La Palma City Councilman Richard Polis left the courtroom Friday optimistic that the state appeals court will allow him to remain on the Nov. 3 ballot.
"My opinion is this hearing should never have been held," Polis said after the three-member appeals court panel seemed to side with his position that cities such as La Palma may not limit the number of terms council members serve.
Polis, who is trying to run for a third term on the council despite a city law limiting council members to two terms, won a Superior Court ruling in July that said La Palma's law was unconstitutional. But Polis' colleagues on the council voted to appeal that ruling, leading to Friday's hearing.
Justices on the 4th District Court of Appeal heard oral arguments for and against term-limit laws, and promised to issue a ruling before the Nov. 3 election. From the tenor of the hearing, the justices indicated that they were unlikely to overturn the Superior Court ruling.
Term limits would deprive voters of the chance to cast ballots for well-qualified candidates, Associate Justice Edward J. Wallin said.
"I hope this doesn't apply to brain surgeons," Wallin said. "After gaining experience, people say, 'I'm sorry, your term is up. We need to get (surgeons) right out of medical school.' "
The case is being watched by several Orange County cities that have term-limit laws or are considering them.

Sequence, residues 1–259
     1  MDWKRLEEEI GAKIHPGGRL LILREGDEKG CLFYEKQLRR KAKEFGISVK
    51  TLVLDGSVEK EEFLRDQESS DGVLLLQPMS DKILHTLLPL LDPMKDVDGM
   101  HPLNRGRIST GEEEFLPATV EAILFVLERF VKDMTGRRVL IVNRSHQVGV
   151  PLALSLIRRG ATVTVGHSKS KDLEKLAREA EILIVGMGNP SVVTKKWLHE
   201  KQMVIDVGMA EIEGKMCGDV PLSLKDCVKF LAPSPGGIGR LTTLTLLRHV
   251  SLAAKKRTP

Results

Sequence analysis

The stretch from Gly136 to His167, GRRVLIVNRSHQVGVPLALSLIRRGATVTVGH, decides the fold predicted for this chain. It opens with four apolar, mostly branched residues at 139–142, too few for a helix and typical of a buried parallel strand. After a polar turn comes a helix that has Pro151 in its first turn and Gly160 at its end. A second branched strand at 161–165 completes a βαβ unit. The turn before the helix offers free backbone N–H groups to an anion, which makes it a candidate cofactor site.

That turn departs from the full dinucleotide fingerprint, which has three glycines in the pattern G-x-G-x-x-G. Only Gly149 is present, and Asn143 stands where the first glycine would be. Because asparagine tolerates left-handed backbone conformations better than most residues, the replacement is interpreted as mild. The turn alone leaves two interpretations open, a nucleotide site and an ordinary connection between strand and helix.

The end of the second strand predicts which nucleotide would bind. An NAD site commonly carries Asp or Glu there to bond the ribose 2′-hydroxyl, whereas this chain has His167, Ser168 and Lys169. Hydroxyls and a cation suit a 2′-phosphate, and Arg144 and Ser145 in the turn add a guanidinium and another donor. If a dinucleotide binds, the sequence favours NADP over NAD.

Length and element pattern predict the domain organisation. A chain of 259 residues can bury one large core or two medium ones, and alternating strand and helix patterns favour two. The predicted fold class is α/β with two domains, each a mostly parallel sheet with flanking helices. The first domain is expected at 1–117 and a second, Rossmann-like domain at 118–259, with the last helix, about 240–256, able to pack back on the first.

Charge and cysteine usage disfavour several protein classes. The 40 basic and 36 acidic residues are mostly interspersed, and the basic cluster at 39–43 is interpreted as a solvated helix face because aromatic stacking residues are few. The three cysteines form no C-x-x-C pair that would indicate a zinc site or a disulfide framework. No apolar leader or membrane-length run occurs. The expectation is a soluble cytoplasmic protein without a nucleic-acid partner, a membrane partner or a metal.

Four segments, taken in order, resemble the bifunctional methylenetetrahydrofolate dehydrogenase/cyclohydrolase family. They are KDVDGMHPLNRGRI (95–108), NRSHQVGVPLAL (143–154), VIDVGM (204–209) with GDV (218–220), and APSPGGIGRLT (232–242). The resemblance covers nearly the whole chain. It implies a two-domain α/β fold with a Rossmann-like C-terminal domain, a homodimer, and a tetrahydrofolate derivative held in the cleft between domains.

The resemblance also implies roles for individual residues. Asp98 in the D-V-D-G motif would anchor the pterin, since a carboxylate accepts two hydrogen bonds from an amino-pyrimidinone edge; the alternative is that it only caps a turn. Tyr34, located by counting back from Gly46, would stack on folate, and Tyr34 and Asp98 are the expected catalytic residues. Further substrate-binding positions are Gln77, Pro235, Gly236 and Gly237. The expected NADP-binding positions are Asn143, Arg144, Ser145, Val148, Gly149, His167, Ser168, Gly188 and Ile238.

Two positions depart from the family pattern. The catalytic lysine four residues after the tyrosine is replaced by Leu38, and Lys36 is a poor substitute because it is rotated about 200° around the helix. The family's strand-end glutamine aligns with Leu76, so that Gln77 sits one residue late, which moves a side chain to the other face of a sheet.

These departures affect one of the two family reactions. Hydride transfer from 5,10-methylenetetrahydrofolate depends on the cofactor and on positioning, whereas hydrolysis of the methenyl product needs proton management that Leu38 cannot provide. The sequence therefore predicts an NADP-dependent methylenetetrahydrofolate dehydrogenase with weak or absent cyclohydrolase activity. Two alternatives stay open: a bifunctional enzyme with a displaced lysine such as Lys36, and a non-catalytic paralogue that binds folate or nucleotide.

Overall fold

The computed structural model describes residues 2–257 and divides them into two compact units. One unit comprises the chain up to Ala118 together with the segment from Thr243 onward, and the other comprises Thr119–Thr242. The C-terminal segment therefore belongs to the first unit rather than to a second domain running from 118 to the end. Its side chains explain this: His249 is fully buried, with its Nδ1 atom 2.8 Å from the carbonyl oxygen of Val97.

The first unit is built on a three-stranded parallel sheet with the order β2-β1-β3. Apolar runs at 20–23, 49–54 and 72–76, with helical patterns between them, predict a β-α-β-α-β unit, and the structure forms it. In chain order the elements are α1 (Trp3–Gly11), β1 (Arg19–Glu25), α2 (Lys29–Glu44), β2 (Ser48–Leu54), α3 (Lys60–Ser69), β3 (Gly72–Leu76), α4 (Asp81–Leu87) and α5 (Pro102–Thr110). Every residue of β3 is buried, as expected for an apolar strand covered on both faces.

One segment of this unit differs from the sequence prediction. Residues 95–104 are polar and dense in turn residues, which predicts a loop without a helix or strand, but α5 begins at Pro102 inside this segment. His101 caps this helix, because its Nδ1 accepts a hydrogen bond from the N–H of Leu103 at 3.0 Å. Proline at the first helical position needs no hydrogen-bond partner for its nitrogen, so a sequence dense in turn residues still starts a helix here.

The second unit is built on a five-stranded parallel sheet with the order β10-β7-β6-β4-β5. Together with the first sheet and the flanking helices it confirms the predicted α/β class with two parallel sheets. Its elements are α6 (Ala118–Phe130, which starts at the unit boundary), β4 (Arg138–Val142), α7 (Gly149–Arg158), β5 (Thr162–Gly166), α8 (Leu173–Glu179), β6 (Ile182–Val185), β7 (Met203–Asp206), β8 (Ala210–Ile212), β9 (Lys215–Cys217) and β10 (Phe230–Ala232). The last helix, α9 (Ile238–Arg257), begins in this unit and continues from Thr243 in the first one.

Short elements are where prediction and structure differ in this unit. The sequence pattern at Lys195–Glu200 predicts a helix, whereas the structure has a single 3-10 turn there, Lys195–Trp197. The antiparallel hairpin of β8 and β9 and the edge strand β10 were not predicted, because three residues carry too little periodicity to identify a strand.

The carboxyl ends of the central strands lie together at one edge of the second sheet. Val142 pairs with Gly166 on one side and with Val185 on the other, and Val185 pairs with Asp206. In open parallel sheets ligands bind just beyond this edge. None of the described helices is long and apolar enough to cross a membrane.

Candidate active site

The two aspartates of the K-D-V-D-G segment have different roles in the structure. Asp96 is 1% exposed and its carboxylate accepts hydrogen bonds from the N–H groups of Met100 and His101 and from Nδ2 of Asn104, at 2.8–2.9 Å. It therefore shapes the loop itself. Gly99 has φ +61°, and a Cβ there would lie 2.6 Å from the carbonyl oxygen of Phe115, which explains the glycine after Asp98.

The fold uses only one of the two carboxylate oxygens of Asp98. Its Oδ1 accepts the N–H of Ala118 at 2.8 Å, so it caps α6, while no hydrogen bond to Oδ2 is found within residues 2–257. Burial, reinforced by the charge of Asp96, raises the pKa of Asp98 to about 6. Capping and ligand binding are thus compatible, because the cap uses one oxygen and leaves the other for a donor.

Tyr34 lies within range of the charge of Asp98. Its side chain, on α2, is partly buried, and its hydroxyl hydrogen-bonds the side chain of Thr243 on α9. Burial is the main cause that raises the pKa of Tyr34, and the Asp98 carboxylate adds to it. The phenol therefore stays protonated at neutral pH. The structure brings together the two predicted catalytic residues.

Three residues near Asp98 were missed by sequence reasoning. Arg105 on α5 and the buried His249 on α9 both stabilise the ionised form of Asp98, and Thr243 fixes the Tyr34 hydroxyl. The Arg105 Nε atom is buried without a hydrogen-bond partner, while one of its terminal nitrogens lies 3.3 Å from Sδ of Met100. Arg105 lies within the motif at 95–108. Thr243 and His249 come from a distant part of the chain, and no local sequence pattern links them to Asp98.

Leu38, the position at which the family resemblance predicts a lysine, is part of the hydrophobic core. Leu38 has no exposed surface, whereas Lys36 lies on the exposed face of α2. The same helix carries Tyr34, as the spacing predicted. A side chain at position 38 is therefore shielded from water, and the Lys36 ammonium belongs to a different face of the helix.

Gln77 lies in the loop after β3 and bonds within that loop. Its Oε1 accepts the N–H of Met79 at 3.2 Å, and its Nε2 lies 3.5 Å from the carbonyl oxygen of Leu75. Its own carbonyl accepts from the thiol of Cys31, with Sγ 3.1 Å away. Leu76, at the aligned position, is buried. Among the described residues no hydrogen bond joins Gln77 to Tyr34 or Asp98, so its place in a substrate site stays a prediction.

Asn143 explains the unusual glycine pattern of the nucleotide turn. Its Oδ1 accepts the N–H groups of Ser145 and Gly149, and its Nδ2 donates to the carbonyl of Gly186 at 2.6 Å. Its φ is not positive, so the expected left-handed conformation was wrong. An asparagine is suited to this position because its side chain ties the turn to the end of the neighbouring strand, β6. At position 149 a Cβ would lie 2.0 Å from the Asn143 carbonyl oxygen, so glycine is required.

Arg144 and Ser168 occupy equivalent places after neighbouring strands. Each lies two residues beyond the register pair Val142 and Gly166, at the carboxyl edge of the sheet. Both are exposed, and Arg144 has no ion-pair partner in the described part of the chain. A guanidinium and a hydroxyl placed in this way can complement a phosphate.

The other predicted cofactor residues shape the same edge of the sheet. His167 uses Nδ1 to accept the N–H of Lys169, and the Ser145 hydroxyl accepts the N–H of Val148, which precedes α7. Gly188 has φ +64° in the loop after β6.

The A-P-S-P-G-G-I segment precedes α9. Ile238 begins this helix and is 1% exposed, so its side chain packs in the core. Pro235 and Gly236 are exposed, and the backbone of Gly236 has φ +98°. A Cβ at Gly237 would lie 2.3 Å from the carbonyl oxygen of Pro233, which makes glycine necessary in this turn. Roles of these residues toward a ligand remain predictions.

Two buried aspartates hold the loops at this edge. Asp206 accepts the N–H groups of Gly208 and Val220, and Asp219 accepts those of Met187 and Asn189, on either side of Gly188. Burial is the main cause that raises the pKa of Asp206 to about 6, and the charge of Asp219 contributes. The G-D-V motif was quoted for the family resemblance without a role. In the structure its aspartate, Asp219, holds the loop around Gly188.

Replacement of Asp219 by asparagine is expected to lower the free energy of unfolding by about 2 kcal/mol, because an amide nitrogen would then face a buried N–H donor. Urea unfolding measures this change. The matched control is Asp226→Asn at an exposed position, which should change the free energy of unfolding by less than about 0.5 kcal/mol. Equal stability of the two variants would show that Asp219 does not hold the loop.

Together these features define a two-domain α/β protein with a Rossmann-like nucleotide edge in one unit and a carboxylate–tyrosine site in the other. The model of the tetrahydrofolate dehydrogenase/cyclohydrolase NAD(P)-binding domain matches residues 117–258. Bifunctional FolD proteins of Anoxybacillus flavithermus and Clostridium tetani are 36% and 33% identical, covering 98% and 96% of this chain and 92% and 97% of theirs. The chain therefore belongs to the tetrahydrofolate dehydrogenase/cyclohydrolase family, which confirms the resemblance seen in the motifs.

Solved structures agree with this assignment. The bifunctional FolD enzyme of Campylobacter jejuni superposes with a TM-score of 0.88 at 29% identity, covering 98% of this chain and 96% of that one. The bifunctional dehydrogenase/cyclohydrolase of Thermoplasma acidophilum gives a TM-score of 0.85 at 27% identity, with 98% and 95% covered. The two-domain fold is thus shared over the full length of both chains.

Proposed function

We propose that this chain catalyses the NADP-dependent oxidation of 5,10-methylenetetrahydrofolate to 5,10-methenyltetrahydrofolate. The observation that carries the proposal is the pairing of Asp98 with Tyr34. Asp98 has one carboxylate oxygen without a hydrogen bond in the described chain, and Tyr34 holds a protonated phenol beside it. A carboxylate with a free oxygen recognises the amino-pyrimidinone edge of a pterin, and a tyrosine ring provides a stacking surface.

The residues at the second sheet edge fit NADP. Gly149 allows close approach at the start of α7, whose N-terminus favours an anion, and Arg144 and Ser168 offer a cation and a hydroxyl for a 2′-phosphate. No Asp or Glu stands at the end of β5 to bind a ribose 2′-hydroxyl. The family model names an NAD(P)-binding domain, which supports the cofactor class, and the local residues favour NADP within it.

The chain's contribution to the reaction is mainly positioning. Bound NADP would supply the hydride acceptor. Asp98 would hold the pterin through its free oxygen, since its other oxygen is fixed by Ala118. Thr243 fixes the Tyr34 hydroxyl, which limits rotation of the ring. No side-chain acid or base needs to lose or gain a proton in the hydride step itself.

State law requires council candidates to be registered to vote and live in the cities in which they pursue office. Most of the legal arguments Friday revolved around whether the Legislature meant to prevent cities from adopting further requirements.
In 1989, an appeals court in San Francisco ruled that cities without state charters may not place additional requirements on candidates to run for local office. Charters allow cities to adopt some laws that conflict with state law, although most cities in California lack a charter, including La Palma.
The lower-court judge in Polis' lawsuit cited the San Francisco appeals court ruling when he struck down La Palma's 1982 term-limit law.
Although state law does spell out the qualifications for local office, the San Francisco appeals court made a mistake, said John L. Fellows, La Palma's special city attorney. Courts should not interpret state candidacy requirements as preventing cities from setting others, Fellows said.
But Wallin and Chief Justice David G. Sills questioned the wisdom of allowing cities to create additional qualifications for office. If the court ruled for La Palma, Sills said, that could pave the way for other cities to require that council members own property or have college degrees.
"What if the city decided to change its form of government and decided they wanted a king?" Wallin said.